1. Picture you're a loving father who has just helped his 20-something darling daughter move in to her new Harlem residence. Sure, it's a bit scruffy, but on her salary, you can't expect better in Manhattan. And she assures you she'll be safe, despite the drive-by shootings every Tuesday, the five homeless people living under her fire escape, the less-than-secure-looking lock on the door, the crack addict residing three doors down, and the twelves rapes that have been reported this month from the area. Best solution? Rather than help support your little lady by funding an apartment in a more docile area, why not get her Orlando? Imagine the thief/rapist/criminal who enters her apartment late at night only to find himself face to face with Mr. O--sheer terror, that's what I say. He'll be running for the hills and warning his equally-delinquent friends not to bother with that apartment, 'cuz she's got herself a giant on call.
2. Every young man needs inspiration. Rather than decorate your son's walls with images of juiced-up professional athletes who hold the very real potential of becoming horrible role models (read: Kobe Bryant and the like), why not give him Orlando? With no historical documentation on the guy (just you try googling him--NOTHING!), he has no chance of ever letting you or your little boy down. He's simply pure machismo, a decorated athlete to be reckoned with.
If neither of those two options tickles your fancy, just look at the poster. Orlando is the coolest heap of random ever to grace this fair blog, and that alone should excite you. Because at the end of the day, don't you want wall art that can kill all your friends' wall art? Nuff said.
Thursday, April 2, 2009
As one of the heavy-hitters in our May 3 auction, I felt I should spend some time on this crazy number.
Here we have Pierre Bonnard's 'France-Champagne.' Artistically, this is pretty damn edgy for 1891. Everything is just so fluid and hall-of-mirrors-y in its angles and proportions (I mean, look at that crazy spaghetti forearm!). I'm not quite sure what's her hair and what's her dress....and her left cheek sort of melds into her shoulder. Oh Expressionism, meet your predecessor.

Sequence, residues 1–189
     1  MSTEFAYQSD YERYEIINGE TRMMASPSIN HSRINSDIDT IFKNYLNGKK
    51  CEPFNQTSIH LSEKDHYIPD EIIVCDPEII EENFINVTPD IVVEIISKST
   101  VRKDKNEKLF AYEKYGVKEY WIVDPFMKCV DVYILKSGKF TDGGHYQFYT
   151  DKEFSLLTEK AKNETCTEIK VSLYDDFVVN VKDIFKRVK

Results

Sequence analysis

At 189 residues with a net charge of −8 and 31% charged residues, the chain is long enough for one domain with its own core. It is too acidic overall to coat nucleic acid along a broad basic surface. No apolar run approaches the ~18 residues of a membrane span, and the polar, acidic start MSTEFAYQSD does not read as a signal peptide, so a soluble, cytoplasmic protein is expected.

Is this what France-Champagne does to the senses? Rather than being a blathering, speech-slurring drunk, does one instead see the world through Gumby-inspired lenses? I sure hope so.
Now let's move on to the product itself: the champagne. Either this little lady shook up the bottle for an hour and then over-poured, or France-Champagne is the equivalent of those science-fair baking soda volcanos. Both scenarios are fine with me, though, because the idea of tripping about a room filled with bubbles tickles me to no end.
Frankly, the only time I've seen the world this way is when watching a Julie Taymor film or after ingesting prescription drugs. If France-Champagne is a cheaper alternative, put me on the mailing list!
Wednesday, April 1, 2009
I know I'm usually all about the ha-has, but today I'm going to show you my softer side (did anyone else get the old Sears commercials in their heads when I said that?).
Normally, what gets me into a poster is the that insta-magic I feel when I first lay eyes on it. This is usually due to some sort of graphic awesomeness, bizarre juxtapositions, cool advertising methods, nudity, or absolute hilarity. In the case of this poster, none of those things caught my attention.
What did grab me right away is the frame whoever consigned this little beauty to us decided to construct around it. Sadly, I cannot visually share this frame with you as I only have the photo from the catalogue; however, take it from me, this frame is to other frames what La Perla is to Victoria's Secret--absolutely beyond even considering a comparison. We're talking flawless black lacquer, seamlessly smooth wood, and a backing that probably made nuns in Calcutta go blind. We're talking some serious Gepetto action on this frame.
Why is this at all relevant, you ask? Well, because sometimes a poster that isn't all bells and whistles can be raised to a near-godly status by the right presentation. I would not have thought much about this Loupot poster for Bonnard without its amazing frame. But now that the frame grabbed my attention, I have to admit that this is one of the most understated, lovely images we have ever had the privilege to offer.
Loupot's managed to create the effect of sfumato in a overtly two-dimensional medium--that alone is magnificent. She's got this hazy, mid-motion swish to her entire body, like a girl spinning around in a new dress. Some of my friends see a Geisha, others their beautifully-done-up Jewish mother from the 1960s trying on shawls at Bendels. And, while those two readings of the image aren't necessarily correct, they both involve this feeling of luxury--cashmere and Chanel No. 5, chanton silk and oriental rugs, amber and blush.
Overall, it's an image that really does have the power to transport you to a different time and place. And, frankly, that makes it more valuable than anything in this auction.